The design of a house develops under a variety of influences, one of the most
significant being the historical evolution of the house. Mankind cannot easily
break away from traditions, habits and experiences. Consequently their influence
can be continuously traced within the development process.
When we study the Turkish house of Anatolia, we can see the traces of nomadic
life. These traces emerge more clearly in the design of the room which is
handled as an individual living unit and in the relations between the hall and
the room. If we assume that the room corresponds to a tent or a "round
house" then the hall represents the outer space between the tents. In the
older examples the hall is open to nature all around, although it is under roof
cover. The hall or the outer space totally encircles the room.
We can see the same basic features in Safranbolu. Some of the older houses
halls. In some others, the extensions of the hall, the eyvans,
secure an outer space for each room by separating them from one another. Each room is the "home" of the family unit. Consequently, it is
the room which is most significant in the concept of home. The house design is
based on the room and its surroundings. The size and design of a room is almost
invariable. Having no alternative room design, the main feature of the
house is predefined. The other units of the house are function-oriented. Apart
from the rooms there is a toilet-washroom, a pantry and a staircase. The ground
floor has its own functions and is designed accordingly.
Houses with open halls The oldest houses encountered in Safranbolu are those
with open halls. Whatever the position of the hall in relation to the rooms, the
fact that there are no precautions against weather conditions such as rain, snow
or wind can be explained by the traditional design of the hall. These are the few remaining examples in evidence that there were once,
houses with open halls in Safranbolu. We can assume that in time
primarily the winter houses changed into the closed-hall plan types, and that
the summer houses followed this new trend.
Characteristics of the Ottoman Classical Period Another important feature
worth noting from the point of historical evolution is that the characteristics
of the classical period prevailed for a considerable time in Safranbolu. The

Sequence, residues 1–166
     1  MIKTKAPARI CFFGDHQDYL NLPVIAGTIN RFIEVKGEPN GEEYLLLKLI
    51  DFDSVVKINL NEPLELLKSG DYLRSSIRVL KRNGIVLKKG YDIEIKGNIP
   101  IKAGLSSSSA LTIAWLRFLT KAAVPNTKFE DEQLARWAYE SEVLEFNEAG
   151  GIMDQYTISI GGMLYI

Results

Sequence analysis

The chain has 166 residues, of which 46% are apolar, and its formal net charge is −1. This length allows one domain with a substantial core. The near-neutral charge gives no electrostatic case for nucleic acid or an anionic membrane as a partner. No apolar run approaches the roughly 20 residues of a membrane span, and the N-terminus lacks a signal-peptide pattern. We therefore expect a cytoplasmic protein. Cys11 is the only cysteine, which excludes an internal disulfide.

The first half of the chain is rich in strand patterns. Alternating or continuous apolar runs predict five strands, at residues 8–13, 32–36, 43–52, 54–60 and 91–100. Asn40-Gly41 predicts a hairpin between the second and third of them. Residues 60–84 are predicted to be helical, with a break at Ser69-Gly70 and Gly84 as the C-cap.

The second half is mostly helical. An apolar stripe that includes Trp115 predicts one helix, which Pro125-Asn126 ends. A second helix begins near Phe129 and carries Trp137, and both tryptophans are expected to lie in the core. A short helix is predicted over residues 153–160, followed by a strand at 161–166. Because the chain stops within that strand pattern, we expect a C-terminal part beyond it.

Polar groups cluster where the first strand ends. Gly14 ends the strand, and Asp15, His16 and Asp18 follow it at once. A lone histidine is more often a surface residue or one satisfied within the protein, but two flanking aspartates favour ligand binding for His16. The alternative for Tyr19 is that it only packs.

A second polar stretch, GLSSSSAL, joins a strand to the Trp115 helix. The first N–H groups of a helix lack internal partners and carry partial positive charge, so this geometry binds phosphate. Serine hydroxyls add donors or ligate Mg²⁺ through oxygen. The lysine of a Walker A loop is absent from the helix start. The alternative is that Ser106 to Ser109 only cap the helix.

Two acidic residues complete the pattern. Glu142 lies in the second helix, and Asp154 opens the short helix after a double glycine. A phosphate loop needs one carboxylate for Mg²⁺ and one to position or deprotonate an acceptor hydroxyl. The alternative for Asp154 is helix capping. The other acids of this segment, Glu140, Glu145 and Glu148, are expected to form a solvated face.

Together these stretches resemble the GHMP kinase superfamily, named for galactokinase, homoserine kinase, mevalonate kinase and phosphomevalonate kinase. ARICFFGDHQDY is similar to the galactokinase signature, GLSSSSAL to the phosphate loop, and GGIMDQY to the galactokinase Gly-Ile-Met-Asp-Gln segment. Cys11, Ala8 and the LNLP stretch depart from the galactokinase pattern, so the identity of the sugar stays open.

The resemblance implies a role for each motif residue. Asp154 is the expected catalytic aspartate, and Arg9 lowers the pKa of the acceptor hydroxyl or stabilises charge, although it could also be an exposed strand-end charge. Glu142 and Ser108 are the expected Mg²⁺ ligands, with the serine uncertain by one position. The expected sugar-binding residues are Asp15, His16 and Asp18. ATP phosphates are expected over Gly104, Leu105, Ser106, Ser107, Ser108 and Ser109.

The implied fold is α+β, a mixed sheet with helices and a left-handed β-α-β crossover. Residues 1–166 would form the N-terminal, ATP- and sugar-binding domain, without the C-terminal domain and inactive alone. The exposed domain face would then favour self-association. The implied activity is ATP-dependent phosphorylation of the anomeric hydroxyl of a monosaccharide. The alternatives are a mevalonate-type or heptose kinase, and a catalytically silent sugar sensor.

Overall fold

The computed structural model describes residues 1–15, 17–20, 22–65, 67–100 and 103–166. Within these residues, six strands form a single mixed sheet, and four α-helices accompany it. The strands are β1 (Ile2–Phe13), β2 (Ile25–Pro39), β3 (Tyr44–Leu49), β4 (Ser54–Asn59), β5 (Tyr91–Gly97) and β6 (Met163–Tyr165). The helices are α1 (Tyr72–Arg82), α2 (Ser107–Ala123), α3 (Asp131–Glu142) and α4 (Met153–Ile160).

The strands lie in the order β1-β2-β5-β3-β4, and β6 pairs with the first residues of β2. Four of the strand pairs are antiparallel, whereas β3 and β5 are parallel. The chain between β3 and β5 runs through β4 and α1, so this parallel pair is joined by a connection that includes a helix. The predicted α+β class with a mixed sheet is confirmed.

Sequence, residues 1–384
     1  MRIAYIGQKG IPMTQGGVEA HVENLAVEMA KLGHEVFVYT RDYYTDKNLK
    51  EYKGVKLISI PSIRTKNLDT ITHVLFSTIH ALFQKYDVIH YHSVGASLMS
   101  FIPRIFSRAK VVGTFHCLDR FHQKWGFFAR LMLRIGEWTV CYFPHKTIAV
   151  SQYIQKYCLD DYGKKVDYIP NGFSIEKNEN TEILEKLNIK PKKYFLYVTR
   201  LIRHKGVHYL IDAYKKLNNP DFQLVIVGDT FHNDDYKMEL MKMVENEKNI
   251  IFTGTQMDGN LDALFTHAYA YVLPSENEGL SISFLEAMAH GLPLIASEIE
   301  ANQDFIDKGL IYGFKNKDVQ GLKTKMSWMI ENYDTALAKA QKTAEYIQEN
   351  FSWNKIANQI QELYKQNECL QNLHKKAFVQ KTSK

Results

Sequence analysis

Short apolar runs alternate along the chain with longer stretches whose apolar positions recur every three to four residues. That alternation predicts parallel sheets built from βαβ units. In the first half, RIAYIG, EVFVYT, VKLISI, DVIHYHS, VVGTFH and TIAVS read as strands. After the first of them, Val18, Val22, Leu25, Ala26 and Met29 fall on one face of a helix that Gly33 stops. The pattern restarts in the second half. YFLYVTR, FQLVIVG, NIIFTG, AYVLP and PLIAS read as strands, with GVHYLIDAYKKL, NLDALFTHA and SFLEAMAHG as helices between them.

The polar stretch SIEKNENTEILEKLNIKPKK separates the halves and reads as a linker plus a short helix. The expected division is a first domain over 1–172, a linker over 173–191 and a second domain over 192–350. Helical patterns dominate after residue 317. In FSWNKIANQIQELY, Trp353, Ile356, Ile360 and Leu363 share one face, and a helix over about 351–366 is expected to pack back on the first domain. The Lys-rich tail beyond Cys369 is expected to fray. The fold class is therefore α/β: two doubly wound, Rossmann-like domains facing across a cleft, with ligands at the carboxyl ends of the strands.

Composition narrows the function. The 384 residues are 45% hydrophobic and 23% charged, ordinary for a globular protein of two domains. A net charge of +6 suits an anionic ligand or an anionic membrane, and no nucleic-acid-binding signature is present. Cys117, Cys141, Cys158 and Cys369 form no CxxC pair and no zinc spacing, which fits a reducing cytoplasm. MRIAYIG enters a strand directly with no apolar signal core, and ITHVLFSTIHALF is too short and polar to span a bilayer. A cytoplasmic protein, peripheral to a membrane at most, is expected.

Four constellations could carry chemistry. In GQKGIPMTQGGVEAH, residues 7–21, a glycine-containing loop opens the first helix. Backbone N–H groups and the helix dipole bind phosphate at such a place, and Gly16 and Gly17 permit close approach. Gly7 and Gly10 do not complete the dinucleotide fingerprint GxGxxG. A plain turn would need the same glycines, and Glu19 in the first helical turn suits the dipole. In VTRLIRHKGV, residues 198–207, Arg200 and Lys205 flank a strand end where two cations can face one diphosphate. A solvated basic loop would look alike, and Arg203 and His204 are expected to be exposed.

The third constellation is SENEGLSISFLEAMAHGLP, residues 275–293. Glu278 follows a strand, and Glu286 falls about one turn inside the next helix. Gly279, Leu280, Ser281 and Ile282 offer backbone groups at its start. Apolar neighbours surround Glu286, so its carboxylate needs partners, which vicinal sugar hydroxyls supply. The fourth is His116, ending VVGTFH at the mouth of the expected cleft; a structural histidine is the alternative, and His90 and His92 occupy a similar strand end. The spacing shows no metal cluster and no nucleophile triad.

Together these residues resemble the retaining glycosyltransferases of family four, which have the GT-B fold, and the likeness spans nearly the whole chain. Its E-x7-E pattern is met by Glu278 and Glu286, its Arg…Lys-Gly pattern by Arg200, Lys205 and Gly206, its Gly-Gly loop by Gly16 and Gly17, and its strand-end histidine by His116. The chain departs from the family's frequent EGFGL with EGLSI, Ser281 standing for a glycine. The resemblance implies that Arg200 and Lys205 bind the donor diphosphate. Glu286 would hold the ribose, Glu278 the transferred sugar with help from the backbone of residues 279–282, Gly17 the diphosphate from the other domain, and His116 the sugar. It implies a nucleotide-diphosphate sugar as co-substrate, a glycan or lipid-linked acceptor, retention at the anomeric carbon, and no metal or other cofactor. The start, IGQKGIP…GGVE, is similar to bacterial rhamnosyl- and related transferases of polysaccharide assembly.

Baroque style was introduced quite recently and was not very effective.
RELATIONS BETWEEN THE HOUSE AND THE BUllDING SITE
Apart from its utility programme, the form and topography of the building
site, its position in relation to the landscape and the street are the main
factors that influence the house design. There are some differences between the
houses in the sehir (the winter quarters) and the Baglar districts (the
summer quarters) in this respect. The plots in the sehir are small, irregular
and most significantly, they are on sharp inclines; whereas in the Baglar
region they are larger and almost flat. Generally the house is built over the
garden wall bordering the street. On steeper sites this
may take the form of a retaining wall and thus be thicker and higher. Sometimes
it may run up to the mezzanine floor.
In small and irregular
plots, the ground floor corresponds to the shape of the plot. The middle floor
may either have projections in anticipation of the rectangular plan of the top
floor or is rather insignificant as an intermediary floor. On the top floor a strictly rectangular layout is
secured by projections. In
most cases these projections have either a triangular or a trapezoidal base.
Consequently, the supporting brackets can vary in size.
These projections and brackets highly enliven the facades of houses. In small plots it is even more
important to enlarge the rooms through projections. The triangular projections
enable an unobstructed view of the landscape and street. On steeper sites, it is
possible to enter the house from more than one level. These can either be
separate entrances for the harem and selamlik, or can be utilized for easy access
to the storage units in the hayat, where fire-wood or foodstuff is stored. Houses situated on corners where streets of differing slopes meet are
designed in perfect harmony with the topography and the streets. Their thrilling
forms give the impression of having been moulded by a sculptor.
In plots which are more suitable, especially in those of the
Baglar district, all the floors develop within a rectangular system or have somewhat the same features as the
top floor . Very rarely is the top floor
also a continuation of the ground floor.
Generally it is either the eyvan of the central hall or the rooms that protrude.
We may come across houses which in spite of the suitability of the plot, have
chosen to distort the ground floor slightly and enliven the top floors with bay
windows and projections. It can be strongly sensed that the conscious artistic
preferences are as valid as the wish to provide each room with sufficient sun or
shade and with an unobstructed view of the street and landscape.